Propeller are proud to announce the launch of the new Deaf Society of NSW website. This new website was designed and built to specifically address the requirements of the deaf community and to replace the society’s ageing flash-based website.
This extensive new website contains too many features to discuss all of them in detail here so I’d just like to summarise the main website features then cover some of the more interesting challenges and how we addressed them.
Visitors to The Deaf Society of NSW website have access to a huge library of information which details the society’s profile, history, operating principles and policies, staff listings, annual reports, planning documents and relationships with other organisations. Dedicated News and Events sections are provided alongside the opportunity to subscribe to the society’s email newsletters.
A full detail of the society’s services is provided including interpreting & translation, courses, employment, consumer & customer services, youth services and family support as well as aged care. A large repository of Auslan Resources is included providing information on topics ranging from Asbestos to Legal, Safe Driving and Smoke Alarms. A further section is dedicated to Deaf Advocacy.
Bi-lingual Presentation - Auslan + English text
The Deaf Society of NSW’s previous website featured mostly video-based Auslan content. The exclusion of Flash from iOS devices however meant that this content could not be accessed via these devices.
In order to ensure cross-platform and device compatibility, embedding video hosted on YouTube was considered the best option for the new website. Whether you are viewing the website on a desktop device, tablet or mobile, YouTube video support is almost ubiquitous. YouTube have also worked hard on accessibility and captioning features with the option to add captioning scripts or even employ automatic captioning. Having The Deaf Society of NSW’s extensive library of Auslan resources housed on YouTube also opens up a whole new channel of delivery to the deaf community.
The extensive nature of video available from The Deaf Society of NSW provided our next challenge in terms of how to organise and present the information on the new website. After careful consideration we decided to aggregate related videos into galleries.
Making related videos available in grouped galleries simplified the content dramatically and reduced the amount of navigation and effort required to access the content. A video gallery forms the main part of the homepage explaining the main website features and navigation.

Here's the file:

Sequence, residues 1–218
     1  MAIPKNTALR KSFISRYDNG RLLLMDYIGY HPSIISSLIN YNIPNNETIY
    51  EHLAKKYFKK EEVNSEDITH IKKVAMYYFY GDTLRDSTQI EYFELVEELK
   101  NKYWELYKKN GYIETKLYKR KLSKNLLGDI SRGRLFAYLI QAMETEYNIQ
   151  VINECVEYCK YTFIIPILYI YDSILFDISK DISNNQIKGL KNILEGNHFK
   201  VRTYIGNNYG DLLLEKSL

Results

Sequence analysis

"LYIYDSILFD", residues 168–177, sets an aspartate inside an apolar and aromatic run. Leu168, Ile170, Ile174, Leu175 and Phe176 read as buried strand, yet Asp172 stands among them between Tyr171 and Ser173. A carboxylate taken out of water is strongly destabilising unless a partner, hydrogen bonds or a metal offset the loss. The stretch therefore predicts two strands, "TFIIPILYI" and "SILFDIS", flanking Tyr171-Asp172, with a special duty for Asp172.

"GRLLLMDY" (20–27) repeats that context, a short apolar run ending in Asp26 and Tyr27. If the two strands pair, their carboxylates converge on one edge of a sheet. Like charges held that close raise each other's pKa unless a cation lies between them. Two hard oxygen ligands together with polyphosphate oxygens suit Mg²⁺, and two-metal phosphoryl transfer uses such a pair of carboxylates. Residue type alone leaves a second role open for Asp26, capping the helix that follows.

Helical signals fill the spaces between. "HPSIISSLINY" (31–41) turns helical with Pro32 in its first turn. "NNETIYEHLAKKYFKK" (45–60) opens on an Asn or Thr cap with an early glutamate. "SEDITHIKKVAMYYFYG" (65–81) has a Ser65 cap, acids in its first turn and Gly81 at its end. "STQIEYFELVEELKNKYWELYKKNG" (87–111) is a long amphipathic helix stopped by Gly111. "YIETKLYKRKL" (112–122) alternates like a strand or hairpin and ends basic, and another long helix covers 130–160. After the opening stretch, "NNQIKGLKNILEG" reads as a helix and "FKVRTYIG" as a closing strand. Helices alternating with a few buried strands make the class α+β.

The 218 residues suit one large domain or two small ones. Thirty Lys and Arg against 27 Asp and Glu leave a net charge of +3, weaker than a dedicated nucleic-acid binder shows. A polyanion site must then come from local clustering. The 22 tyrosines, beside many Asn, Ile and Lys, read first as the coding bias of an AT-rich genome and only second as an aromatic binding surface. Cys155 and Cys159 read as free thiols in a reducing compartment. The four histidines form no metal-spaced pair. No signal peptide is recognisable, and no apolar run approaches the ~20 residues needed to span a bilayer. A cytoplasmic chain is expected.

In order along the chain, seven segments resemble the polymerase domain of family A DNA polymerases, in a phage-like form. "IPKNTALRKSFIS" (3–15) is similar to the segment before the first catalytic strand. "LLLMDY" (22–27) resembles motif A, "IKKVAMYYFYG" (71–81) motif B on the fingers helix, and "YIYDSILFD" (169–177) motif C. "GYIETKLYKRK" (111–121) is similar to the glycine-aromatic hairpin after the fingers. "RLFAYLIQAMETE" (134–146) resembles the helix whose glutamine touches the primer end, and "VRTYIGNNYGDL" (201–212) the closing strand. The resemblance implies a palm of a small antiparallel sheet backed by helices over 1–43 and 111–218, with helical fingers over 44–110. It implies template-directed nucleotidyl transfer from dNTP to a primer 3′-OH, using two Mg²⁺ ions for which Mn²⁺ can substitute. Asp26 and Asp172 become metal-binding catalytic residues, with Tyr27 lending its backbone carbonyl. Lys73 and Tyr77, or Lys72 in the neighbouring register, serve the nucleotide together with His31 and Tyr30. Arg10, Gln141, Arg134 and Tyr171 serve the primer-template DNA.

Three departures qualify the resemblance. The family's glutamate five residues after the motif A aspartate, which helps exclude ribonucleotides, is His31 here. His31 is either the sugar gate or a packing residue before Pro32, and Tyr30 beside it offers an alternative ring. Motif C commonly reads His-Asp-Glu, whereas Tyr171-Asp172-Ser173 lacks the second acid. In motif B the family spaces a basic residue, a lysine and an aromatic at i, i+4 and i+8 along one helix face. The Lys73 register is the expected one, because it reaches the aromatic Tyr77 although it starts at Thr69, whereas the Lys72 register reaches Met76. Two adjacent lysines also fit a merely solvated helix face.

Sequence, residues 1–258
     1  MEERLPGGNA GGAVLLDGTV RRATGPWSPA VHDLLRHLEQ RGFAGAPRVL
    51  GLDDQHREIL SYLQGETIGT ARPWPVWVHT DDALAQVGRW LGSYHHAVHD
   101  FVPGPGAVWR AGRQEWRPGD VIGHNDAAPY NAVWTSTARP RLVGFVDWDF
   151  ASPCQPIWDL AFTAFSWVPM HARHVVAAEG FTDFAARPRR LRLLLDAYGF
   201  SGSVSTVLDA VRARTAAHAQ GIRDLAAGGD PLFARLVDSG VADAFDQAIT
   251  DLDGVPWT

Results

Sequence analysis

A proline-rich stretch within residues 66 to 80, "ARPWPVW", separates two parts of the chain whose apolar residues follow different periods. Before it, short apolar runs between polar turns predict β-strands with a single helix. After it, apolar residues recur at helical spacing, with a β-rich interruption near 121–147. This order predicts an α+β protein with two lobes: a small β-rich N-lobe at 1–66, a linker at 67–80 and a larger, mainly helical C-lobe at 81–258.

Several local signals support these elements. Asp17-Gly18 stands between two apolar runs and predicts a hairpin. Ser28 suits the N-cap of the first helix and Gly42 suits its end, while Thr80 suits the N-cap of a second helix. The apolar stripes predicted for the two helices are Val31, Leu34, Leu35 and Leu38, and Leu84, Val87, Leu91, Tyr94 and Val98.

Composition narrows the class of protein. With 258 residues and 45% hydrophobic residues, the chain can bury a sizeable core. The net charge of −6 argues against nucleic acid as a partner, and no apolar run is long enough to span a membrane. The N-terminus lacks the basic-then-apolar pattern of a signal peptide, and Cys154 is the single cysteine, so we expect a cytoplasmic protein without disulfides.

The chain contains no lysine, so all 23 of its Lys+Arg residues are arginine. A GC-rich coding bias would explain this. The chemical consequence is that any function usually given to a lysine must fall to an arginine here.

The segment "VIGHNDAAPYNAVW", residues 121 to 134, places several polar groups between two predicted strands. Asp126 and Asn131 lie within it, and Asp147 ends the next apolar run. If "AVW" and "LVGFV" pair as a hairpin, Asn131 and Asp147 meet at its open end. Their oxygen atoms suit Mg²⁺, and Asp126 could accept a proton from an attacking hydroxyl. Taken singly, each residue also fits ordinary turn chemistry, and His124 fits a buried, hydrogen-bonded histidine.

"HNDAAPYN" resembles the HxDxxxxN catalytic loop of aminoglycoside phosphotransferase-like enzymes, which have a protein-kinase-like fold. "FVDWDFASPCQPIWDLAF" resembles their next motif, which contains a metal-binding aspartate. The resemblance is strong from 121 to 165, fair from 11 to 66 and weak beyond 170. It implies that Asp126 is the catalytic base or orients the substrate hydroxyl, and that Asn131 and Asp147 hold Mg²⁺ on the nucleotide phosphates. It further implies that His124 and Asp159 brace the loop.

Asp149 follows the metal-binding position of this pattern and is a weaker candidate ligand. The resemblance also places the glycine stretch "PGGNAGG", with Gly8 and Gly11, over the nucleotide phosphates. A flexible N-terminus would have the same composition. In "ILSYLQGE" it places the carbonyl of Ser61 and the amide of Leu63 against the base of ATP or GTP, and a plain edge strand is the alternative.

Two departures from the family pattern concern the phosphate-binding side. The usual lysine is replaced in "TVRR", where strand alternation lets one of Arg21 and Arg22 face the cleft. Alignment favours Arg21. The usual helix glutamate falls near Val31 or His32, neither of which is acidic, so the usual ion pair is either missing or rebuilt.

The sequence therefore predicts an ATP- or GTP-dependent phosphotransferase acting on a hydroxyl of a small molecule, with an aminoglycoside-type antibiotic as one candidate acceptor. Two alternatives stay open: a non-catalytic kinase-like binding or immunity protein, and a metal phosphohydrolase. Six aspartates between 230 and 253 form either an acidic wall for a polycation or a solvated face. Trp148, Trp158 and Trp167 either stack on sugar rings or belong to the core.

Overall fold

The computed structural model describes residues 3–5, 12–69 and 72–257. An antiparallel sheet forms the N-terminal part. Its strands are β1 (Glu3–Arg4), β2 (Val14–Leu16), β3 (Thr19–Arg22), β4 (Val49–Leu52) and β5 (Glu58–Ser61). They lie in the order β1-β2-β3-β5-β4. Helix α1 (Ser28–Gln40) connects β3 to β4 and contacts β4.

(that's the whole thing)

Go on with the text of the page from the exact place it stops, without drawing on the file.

From the clients’ perpspective, adding video is as simple as copying and pasting the YouTube URL into the relevant custom field for the article they are editing. The system does the rest of the heavy lifting. Where a single video is entered, the full frame is used sans navigation, automatically switching to a gallery form with navigation where multiple videos are provided.
The next problem was how to group and present the accompanying English text content.
Where pages contained only one video and article the English-language content simply follows the Auslan video.
Where multiple videos have been grouped into a gallery we employed a jQuery UI accordion to group the English-language text together. Users can scan the article titles and simply click or tap to read the full resource.
Responsive Design and Specialised Access Features
The Deaf Society’s own user research revealed that both iPhone and iPad are in strong use amongst their members. In order to streamline the presentation for those users, a responsive design method was employed to optimise the website layout and styling for those devices.
California based Simon Foust worked closely with Propeller on the responsive layout and styling aspects whilst UK-based Joel Bradbury developed a custom ExpressionEngine add-on which provides the ability to switch between mobile, tablet and desktop presentations so that those viewing the site via a tablet or phone can switch back to the desktop presentation if they prefer it.
This stylesheet-switching facility was also employed to provide a high-contrast presentation. In order to meet the specific needs of certain disability groups within The Deaf Society’s user base, the high-contrast presentation also disables video and most images. Links to YouTube-hosted videos are provided instead.
The Deaf Society of NSW website is one of the largest projects Propeller have undertaken. In addition to in-house resources contributors from the US and UK also assisted with the project.